Santa Clause, The Ice Cream Man, and The Hookah

Working in a prosecuting attorney’s office changes the way I see certain activities.  I don’t patronize pawn shops. I leer at all Santa Clauses and track their nice white gloves with skeptical disdain. I don’t go into certain mini-marts after midnight. I walk down the street with my kids to get ice cream from the mobile purveyor of frozeny-goodness, so that the creep behind the wheel doesn’t know where we live. And I don’t ever, ever, EVER go into “glass shops.”

Until now.

I hope you enjoy reading about my foray into the world of hookah. I originally wrote this piece for SpouseBUZZ, the military.com site where I write from time to time, because I thought it would get the best exposure to my intended military spouse audience. However after reading it again, I can see that it will resonate with anyone who has ever tried too hard to find a way to bridge the gap between two people.

spousebuzz

Happy Hour

court house

photo credit: Adam Fagen

There are certain people who understand the numbness you can get working in a prosecutor’s office. Mostly that includes prosecutors, defense attorneys, cops, journalists, medical professionals and military folk. I don’t bear the burden of knowing my actions will incarcerate or release a criminal; I’m in the civil division. My coworkers refer to me as a “fake prosecutor.”  But hey, we do review contracts and enforce land use codes and collect taxes and advise elected officials. We’re very civil over here in the civil division.

Yet one of the duties even the civil division cannot escape is the responsibility to advise officials who are making decisions about high-profile public record releases. A couple of months ago I had to look at some pretty nasty crime scene photos and read some interviews with very young people who should never have to experience such things. Unlike my counterparts, the “real” prosecutors, this part of my job often bothers me because there’s nothing I can do; I can’t prove guilt, advocate, or counsel anyone. I’m just there to decide which of the photos are too gruesome. It feels like purposeless voyeurism.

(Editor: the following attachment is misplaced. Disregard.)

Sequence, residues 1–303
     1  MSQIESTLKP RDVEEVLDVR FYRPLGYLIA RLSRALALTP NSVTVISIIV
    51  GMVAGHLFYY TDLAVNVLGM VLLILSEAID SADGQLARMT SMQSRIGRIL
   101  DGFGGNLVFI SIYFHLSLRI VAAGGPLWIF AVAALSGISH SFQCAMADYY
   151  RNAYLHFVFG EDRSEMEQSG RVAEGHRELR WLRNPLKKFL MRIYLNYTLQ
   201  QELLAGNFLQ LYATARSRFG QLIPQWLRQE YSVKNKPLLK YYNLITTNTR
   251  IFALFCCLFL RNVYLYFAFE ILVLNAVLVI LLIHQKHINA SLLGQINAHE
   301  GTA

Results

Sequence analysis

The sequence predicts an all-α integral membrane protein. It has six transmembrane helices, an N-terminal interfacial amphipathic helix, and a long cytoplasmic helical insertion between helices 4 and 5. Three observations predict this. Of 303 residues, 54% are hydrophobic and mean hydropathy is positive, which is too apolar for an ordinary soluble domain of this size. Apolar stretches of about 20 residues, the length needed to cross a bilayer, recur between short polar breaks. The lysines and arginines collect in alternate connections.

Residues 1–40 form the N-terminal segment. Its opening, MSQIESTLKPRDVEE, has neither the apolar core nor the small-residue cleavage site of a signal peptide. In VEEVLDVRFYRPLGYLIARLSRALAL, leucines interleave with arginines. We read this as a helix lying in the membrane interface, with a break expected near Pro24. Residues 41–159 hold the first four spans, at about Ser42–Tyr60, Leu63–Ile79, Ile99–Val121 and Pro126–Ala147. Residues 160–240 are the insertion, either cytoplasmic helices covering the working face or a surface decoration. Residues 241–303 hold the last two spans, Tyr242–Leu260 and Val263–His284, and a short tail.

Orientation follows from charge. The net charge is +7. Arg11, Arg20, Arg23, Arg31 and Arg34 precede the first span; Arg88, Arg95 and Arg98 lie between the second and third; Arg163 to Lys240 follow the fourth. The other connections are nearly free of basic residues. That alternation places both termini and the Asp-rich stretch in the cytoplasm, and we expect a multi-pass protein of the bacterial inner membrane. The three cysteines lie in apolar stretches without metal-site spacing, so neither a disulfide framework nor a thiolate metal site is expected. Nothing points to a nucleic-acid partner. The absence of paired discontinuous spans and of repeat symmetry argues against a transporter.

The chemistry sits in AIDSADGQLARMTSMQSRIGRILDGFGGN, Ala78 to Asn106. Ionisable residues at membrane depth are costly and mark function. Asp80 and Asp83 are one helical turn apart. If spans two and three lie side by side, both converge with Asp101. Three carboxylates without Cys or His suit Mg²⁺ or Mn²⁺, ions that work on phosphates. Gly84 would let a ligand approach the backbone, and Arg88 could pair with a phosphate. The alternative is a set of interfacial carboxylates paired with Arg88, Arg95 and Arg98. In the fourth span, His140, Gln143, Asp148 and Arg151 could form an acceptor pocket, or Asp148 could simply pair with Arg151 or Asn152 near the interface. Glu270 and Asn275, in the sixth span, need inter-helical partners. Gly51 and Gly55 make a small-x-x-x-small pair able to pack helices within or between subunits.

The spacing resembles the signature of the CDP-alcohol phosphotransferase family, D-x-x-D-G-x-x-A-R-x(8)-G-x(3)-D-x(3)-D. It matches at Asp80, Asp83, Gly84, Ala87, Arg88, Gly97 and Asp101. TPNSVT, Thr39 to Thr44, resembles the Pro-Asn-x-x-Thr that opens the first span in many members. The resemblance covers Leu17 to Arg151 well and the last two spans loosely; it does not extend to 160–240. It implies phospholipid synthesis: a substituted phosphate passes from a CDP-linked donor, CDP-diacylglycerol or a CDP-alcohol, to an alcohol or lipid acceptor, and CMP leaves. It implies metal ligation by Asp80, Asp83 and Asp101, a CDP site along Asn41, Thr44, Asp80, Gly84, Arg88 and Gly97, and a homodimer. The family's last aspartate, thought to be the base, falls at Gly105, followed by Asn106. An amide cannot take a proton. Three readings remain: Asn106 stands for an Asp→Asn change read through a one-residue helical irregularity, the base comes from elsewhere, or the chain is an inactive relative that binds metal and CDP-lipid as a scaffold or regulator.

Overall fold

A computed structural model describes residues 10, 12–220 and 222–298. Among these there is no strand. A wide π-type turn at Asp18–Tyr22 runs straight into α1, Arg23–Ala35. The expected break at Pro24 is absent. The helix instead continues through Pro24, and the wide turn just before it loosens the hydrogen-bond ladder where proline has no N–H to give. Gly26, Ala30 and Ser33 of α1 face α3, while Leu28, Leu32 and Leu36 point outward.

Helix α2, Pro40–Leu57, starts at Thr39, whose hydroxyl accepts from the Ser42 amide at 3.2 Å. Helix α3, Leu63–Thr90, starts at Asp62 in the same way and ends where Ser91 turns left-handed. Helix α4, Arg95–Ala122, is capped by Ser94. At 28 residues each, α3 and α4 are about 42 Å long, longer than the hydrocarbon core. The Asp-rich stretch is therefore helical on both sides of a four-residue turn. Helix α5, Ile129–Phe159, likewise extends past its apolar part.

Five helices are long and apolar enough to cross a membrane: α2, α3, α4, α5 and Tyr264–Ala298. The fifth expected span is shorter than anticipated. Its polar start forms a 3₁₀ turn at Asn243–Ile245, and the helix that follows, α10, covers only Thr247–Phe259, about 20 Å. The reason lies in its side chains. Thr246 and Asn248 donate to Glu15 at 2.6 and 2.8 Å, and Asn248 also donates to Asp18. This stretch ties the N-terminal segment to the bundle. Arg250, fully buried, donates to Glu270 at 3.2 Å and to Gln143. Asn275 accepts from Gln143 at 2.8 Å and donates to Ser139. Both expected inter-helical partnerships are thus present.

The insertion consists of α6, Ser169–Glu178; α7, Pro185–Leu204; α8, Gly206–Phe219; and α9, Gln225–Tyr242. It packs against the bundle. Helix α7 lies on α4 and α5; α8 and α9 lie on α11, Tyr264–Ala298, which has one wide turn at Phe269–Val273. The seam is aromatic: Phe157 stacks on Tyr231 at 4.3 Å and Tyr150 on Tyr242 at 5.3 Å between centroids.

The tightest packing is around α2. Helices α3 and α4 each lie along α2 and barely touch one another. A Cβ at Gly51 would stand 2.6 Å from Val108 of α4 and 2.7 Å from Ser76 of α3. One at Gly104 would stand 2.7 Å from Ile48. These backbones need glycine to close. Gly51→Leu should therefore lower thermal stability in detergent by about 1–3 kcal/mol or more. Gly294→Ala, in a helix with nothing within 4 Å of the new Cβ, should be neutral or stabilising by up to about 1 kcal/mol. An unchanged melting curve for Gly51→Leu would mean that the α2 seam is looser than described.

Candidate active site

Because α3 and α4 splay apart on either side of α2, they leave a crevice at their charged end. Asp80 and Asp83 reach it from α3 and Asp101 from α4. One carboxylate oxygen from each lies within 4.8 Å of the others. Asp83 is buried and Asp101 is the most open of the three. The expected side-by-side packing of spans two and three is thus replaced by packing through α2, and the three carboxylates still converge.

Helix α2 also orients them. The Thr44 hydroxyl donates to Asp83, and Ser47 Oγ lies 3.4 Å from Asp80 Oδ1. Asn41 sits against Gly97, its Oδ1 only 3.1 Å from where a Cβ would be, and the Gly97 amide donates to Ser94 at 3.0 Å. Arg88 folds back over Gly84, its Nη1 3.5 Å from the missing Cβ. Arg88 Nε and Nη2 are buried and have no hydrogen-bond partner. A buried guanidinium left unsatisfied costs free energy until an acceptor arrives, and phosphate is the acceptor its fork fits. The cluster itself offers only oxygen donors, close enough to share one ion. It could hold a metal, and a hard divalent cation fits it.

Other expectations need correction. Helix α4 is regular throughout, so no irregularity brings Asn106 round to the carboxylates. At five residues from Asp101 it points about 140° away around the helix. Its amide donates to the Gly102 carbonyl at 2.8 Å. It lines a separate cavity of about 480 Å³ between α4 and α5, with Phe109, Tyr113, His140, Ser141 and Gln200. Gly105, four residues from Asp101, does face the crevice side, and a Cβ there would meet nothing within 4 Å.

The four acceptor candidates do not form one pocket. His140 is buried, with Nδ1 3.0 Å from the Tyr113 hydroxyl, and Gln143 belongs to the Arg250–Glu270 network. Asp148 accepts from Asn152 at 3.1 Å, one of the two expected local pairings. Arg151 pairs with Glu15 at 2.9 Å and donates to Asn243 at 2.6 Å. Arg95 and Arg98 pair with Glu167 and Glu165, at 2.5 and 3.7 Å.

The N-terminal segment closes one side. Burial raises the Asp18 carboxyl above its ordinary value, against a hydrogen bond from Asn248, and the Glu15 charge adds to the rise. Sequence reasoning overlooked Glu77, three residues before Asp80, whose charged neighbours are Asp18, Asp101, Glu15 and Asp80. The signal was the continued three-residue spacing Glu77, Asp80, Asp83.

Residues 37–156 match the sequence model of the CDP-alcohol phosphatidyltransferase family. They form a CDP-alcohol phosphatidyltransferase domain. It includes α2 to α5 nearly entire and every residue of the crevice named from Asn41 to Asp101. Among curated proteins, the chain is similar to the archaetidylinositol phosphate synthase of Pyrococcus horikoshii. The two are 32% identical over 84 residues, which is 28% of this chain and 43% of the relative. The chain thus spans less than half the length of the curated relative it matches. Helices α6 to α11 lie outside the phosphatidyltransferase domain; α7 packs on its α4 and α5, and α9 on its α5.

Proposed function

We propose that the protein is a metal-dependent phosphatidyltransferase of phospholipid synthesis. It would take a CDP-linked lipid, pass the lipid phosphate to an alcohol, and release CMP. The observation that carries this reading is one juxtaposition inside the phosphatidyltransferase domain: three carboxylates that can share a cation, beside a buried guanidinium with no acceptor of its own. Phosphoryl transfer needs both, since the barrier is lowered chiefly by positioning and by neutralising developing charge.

So there I was, flicking through glossy photos as fast as possible, looking away between each one in an attempt to cleanse my brain’s palate before exposing it to the next image. I braced myself not knowing when I’d reach the ones I had been warned about by the police. I felt sweaty.

I left early that day and went to happy hour, because it seemed like the right thing to do: be happy. I called my longtime law school friend Kelly. She’s a former DA, the one who always responds to my calls for happy hour, and the one who makes me laugh until I cry by saying completely inappropriate things like “douche nozzle” just a smidgen too loud in public places. Plus she always brings along with her a crew of other ne’er do wells that sufficiently numb my headaches: a video producer I once married (as in I was the justice of the peace), a banker who likes to be called “The Sheriff,” and a securities salesman who infrequently dresses up as a leprechaun. In other words, non-lawyers. My kind of people. And they were all there.

Kelly saw me and said it first: “Are you OK?” I wasn’t. But I wasn’t about to fake it, either. Kelly Walsh comes from a big family of Irish Catholics in Montana, and she doesn’t take anything fake from anybody without calling them out on it. Instead of answering her I raised my glass for an air-clink and she hugged me before settling into the chair next to mine. Without looking up I told her I’d been looking at crime scene photos for three hours and she nodded in my peripheral vision. She knew just what I meant and she wasn’t about to ask questions. Likewise, I knew enough not to share the details because those are the kinds of things that can infect you. There’s information you want to share because it feels like it might somehow purge your memory, but you learn quickly that it doesn’t. So you don’t share, out of courtesy. Anyway I knew she already had plenty of old images and cases bouncing around in her own head. She was probably suppressing more than one of them at that very moment. So we talked about everything else for the next two hours.